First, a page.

Helping Children Develop Resilience: Teaching our kids to cope

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I am frequently asked to speak to parenting groups on a variety of topics. When invited to speak, I typically ask, What would you like me to talk about? Without question, the most frequently requested topic these days is helping kids to manage stress. I think that parents are tuning into a valid concern, and I agree that kids today are overscheduled and over-stressed. I often find that parents are focused on the wrong end of the equation when it comes to helping kids deal with stress, anxiety, challenges, etc.

More often than not, parents I talk with are more focused on changing the environment (i.e.the things causing stress and anxiety) than on helping their child develop effective coping skills for dealing with difficulty. On the other hand, I have had many parents who actively inquire about how to help their children deal effectively with anxiety, stress and challenge. Unfortunately, they are really asking me how to help their children deal with difficulty in a way that enables them to perform and achieve at the highest levels of academic or extracurricular activities.

I believe that our focus should not be on making the world a less stressful, challenging, or scary place. Neither do I believe that we should help kids deal with difficulties in order to maximize their athletic performance or GPA. Instead, I suggest that we focus our efforts on helping children to develop resilience in response to adversity, challenge, anxiety, and stress. Lets face itas much as we would like to protect our children from difficulty, we simply cannot. I have two boys of my own. I would like nothing more than to promise them a world that is free of stress, fear, adversity, unfairness, bullies, etc. However, the world we live in is full of all of these. There is no community I can move to; no private school in which I can enroll them; no church we can join that will shield them from the difficulties they are sure to encounter.

Resilient Children
If stress, adversity, failures, setbacks and challenges are all part of our experience in this life, what can we do to help prepare our children for the road ahead? I believe that part of the answer is to help them develop resilience. In their book, Raising Resilient Children, Robert Brooks and Sam Goldstein define resilience as, ┬Žembracing the ability of a child to deal more effectively with stress and pressure, to cope with everyday challenges, to bounce back from disappointments, adversity, and trauma, to develop clear and realistic goals, to solve problems, to relate comfortably with others, and to treat oneself and others with respect.

Every good counselor is trained to ask early in the process of counseling, What are your goals for treatment? I think Brooks and Goldsteins definition of resilience can be easily turned into wonderful goals for our children. If you read their book, you quickly realize that helping our children develop resilience is not synonymous with helping them to have high self-esteem. For example, children with a resilient mindset are aware of their weaknesses and vulnerabilities, but they also recognize their strong points and talents. This is not the same as thinking they can do anything. I sometimes hear parents tell their children, You can do anything you believe you can do. This is simply not true. My nine-year-old cannot throw a 90 mph fastball; I dont care how much he believes or says he canhe is simply physically unable to do this.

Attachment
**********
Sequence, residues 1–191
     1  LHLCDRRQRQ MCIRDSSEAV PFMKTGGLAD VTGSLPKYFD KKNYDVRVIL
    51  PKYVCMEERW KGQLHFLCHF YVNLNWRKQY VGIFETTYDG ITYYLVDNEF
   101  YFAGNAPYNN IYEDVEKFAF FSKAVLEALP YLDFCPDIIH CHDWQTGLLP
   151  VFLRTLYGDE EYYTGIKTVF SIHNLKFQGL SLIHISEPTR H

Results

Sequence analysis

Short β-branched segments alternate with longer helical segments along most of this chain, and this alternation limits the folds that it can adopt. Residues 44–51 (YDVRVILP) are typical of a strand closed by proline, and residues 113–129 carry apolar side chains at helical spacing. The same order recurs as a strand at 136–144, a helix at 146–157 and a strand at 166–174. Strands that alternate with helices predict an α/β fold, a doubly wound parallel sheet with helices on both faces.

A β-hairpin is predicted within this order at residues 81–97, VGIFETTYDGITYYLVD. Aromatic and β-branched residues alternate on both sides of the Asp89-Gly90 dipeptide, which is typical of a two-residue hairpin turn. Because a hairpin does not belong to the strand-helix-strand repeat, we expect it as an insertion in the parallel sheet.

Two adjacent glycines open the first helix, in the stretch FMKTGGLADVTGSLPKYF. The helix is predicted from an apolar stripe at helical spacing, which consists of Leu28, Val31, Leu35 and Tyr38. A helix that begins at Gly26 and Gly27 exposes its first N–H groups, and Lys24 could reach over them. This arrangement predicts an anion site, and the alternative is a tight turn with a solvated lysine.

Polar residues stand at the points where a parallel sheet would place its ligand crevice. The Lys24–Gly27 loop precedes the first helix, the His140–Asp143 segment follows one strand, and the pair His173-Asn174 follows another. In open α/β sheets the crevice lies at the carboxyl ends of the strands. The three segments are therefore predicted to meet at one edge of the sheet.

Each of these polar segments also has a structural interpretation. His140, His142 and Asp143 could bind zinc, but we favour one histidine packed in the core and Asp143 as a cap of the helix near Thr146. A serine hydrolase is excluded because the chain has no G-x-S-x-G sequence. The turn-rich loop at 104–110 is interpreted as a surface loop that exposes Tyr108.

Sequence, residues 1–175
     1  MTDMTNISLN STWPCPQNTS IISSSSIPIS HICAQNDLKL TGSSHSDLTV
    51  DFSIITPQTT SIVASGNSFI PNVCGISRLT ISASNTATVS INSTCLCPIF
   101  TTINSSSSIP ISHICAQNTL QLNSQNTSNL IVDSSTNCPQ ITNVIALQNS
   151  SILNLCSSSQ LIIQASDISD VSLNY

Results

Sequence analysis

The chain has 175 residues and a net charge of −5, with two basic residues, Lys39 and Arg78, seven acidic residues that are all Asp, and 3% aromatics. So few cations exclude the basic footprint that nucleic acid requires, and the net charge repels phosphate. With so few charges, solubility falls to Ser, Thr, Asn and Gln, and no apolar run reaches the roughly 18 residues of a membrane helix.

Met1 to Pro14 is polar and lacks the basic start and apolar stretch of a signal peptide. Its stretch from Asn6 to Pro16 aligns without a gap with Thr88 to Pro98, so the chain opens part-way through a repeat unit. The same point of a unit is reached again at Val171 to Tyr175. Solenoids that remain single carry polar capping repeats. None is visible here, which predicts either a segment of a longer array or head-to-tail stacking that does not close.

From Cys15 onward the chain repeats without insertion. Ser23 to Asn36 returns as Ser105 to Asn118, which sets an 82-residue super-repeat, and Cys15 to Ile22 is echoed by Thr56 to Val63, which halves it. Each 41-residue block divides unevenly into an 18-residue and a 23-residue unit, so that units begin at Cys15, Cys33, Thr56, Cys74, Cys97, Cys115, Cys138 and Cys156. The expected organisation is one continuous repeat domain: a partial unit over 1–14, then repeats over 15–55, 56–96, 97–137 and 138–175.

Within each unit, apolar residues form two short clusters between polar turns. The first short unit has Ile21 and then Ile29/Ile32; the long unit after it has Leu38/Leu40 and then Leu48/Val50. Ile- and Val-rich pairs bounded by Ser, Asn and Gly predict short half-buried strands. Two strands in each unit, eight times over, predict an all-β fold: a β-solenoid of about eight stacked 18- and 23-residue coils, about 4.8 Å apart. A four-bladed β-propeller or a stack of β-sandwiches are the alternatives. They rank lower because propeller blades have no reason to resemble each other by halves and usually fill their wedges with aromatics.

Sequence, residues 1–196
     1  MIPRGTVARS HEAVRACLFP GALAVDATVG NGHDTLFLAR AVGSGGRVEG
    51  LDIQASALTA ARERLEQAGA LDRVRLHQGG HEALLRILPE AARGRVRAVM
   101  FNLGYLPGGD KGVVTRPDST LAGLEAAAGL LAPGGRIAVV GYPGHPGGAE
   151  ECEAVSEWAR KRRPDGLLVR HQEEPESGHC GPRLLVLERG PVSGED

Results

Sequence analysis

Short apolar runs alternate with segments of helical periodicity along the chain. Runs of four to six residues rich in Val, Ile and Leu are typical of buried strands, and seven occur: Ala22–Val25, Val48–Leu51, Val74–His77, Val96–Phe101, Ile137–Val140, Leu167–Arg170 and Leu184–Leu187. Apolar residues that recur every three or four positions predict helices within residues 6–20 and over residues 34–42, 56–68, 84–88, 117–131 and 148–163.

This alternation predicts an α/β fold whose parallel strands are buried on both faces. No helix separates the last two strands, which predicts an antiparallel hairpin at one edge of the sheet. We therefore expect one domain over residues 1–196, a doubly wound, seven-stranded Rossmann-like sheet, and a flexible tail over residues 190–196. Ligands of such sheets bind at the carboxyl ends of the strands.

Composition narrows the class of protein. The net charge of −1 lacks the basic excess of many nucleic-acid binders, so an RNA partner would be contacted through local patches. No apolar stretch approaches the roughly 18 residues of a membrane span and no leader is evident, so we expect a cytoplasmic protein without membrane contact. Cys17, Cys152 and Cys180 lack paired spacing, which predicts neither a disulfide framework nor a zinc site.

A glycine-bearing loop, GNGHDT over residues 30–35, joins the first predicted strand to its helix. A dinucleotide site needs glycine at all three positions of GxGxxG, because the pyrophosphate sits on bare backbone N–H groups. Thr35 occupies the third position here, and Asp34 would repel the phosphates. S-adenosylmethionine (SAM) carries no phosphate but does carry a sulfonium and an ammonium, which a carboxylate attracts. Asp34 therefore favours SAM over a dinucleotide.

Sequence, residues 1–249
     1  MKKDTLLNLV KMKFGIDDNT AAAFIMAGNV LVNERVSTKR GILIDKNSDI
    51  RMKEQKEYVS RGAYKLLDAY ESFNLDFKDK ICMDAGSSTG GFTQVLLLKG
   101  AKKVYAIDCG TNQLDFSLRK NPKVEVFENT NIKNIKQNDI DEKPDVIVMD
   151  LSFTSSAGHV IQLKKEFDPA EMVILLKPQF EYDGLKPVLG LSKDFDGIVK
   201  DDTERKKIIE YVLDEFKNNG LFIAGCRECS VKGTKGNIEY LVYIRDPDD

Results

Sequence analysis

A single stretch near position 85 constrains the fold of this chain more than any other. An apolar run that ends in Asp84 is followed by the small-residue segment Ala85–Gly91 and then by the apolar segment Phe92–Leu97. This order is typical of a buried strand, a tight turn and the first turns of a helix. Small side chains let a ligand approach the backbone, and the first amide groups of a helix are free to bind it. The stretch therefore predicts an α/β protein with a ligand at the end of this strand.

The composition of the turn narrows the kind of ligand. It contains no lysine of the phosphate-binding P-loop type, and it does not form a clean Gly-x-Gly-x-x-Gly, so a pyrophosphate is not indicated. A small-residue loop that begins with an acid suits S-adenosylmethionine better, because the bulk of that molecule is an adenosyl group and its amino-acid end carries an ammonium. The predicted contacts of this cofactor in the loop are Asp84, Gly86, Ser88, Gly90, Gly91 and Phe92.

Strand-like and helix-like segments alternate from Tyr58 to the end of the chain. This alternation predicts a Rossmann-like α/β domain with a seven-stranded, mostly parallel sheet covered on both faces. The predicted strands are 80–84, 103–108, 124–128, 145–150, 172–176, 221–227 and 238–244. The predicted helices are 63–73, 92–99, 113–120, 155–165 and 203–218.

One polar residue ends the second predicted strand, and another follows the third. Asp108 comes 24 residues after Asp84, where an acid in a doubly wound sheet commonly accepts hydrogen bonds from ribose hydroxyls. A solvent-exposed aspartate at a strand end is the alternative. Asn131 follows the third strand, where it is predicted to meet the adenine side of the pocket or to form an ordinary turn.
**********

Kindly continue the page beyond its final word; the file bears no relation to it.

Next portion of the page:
Resilient children dont think they can do anything, but they accept this and are aware of what they can do well. A resilient mindset in children is also defined as knowing the aspects of their lives over which they have control and focusing their energy and attention on these areas rather than on factors over which they have little, if any, influence. Despite all of the attention and focus parents give to developing high selfesteem in children, the research simply does not support the emphasis. For example, Martin Seligman, Ph.D., did an exhaustive literature review in the area of self-esteem and found that there is no evidence that self-esteem causes or results in good grades, more popularity, less teen pregnancy, etc. However, self-esteem does seem to be a symptom of, or correlate of, how well a person is doing in the world. Take help from a telephone counselor.

In other words, self-esteem is more of a meter that tells how one is doing rather than a determinant. Therefore, it appears to be a mistake to focus our efforts on getting our children to feel good about themselves as the cure of all problems. I strongly recommend that parents and professionals shift their focus from promoting general selfesteem to helping children develop resilience as a response to adversity. I would propose that helping children develop resilience is one of the most important things parents can do over the course of their childrens youth development preparing them to function effectively and competently as adults. In fact, resilience may be more important than IQ, raw talent, education, who you know, etc. in predicting effective coping in life.


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